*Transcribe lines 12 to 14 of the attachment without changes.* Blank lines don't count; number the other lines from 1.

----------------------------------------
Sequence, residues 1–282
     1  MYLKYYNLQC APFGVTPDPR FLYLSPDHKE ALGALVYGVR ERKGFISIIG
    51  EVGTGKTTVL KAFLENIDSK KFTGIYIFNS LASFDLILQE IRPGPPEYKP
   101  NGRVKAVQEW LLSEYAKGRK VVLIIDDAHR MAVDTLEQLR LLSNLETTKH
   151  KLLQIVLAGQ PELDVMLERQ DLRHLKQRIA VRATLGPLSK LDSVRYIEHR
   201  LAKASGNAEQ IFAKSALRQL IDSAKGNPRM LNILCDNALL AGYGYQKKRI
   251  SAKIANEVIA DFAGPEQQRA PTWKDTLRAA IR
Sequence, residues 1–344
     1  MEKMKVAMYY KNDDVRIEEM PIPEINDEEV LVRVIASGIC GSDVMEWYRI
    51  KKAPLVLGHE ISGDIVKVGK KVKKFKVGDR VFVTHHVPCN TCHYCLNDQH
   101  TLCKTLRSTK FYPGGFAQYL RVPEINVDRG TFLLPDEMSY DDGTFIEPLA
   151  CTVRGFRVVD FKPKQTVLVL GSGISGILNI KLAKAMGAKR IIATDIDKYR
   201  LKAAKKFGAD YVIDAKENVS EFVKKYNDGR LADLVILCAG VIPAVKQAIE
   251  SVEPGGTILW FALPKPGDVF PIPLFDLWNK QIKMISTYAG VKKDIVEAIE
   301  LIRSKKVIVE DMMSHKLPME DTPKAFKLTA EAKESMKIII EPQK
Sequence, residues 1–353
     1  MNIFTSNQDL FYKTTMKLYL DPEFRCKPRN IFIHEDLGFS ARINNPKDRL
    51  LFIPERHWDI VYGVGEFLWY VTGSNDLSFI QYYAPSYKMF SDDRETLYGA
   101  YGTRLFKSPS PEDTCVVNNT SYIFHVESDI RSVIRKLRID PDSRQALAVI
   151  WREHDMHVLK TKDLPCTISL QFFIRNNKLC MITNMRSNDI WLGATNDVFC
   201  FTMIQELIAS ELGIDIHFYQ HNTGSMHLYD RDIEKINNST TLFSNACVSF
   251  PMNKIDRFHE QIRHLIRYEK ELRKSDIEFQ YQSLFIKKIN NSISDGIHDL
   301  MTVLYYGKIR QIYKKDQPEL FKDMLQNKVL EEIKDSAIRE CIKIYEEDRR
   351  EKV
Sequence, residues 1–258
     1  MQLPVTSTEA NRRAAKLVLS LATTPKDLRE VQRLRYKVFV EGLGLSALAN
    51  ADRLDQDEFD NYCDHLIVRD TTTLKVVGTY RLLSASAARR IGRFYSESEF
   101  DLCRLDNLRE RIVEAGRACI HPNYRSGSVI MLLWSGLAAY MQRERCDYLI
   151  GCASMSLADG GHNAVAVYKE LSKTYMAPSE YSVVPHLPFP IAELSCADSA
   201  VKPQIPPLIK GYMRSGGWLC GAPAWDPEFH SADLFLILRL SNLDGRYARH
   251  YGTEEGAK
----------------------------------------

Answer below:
   151  CTVRGFRVVD FKPKQTVLVL GSGISGILNI KLAKAMGAKR IIATDIDKYR
   201  LKAAKKFGAD YVIDAKENVS EFVKKYNDGR LADLVILCAG VIPAVKQAIE
   251  SVEPGGTILW FALPKPGDVF PIPLFDLWNK QIKMISTYAG VKKDIVEAIE